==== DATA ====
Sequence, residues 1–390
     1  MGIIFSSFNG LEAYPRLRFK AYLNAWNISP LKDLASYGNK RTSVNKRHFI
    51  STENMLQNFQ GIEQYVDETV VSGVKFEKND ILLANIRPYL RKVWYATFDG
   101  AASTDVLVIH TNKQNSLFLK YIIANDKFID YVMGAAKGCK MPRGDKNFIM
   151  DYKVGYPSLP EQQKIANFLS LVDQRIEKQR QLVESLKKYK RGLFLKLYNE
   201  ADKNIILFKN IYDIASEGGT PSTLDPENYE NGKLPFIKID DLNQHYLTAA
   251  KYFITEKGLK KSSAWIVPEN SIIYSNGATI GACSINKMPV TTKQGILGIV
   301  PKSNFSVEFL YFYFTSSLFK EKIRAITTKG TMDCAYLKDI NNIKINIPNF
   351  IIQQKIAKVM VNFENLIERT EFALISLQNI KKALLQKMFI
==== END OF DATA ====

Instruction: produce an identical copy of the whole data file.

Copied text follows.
Sequence, residues 1–390
     1  MGIIFSSFNG LEAYPRLRFK AYLNAWNISP LKDLASYGNK RTSVNKRHFI
    51  STENMLQNFQ GIEQYVDETV VSGVKFEKND ILLANIRPYL RKVWYATFDG
   101  AASTDVLVIH TNKQNSLFLK YIIANDKFID YVMGAAKGCK MPRGDKNFIM
   151  DYKVGYPSLP EQQKIANFLS LVDQRIEKQR QLVESLKKYK RGLFLKLYNE
   201  ADKNIILFKN IYDIASEGGT PSTLDPENYE NGKLPFIKID DLNQHYLTAA
   251  KYFITEKGLK KSSAWIVPEN SIIYSNGATI GACSINKMPV TTKQGILGIV
   301  PKSNFSVEFL YFYFTSSLFK EKIRAITTKG TMDCAYLKDI NNIKINIPNF
   351  IIQQKIAKVM VNFENLIERT EFALISLQNI KKALLQKMFI